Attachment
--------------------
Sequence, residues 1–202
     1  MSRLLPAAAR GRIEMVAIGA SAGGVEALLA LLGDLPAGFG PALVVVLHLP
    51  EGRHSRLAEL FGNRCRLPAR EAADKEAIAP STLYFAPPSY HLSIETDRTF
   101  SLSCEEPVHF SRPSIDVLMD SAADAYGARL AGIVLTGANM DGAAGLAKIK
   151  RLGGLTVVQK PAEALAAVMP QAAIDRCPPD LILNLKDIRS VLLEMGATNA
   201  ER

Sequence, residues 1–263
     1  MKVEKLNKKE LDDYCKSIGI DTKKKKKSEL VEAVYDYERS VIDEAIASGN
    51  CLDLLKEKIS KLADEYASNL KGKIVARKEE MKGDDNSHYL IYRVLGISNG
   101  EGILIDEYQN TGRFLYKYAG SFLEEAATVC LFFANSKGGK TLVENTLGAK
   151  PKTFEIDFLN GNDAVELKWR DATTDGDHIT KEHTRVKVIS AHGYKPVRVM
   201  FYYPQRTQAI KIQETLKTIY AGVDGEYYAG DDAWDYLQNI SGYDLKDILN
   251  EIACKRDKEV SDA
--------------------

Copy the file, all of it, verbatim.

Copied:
Sequence, residues 1–202
     1  MSRLLPAAAR GRIEMVAIGA SAGGVEALLA LLGDLPAGFG PALVVVLHLP
    51  EGRHSRLAEL FGNRCRLPAR EAADKEAIAP STLYFAPPSY HLSIETDRTF
   101  SLSCEEPVHF SRPSIDVLMD SAADAYGARL AGIVLTGANM DGAAGLAKIK
   151  RLGGLTVVQK PAEALAAVMP QAAIDRCPPD LILNLKDIRS VLLEMGATNA
   201  ER

Sequence, residues 1–263
     1  MKVEKLNKKE LDDYCKSIGI DTKKKKKSEL VEAVYDYERS VIDEAIASGN
    51  CLDLLKEKIS KLADEYASNL KGKIVARKEE MKGDDNSHYL IYRVLGISNG
   101  EGILIDEYQN TGRFLYKYAG SFLEEAATVC LFFANSKGGK TLVENTLGAK
   151  PKTFEIDFLN GNDAVELKWR DATTDGDHIT KEHTRVKVIS AHGYKPVRVM
   201  FYYPQRTQAI KIQETLKTIY AGVDGEYYAG DDAWDYLQNI SGYDLKDILN
   251  EIACKRDKEV SDA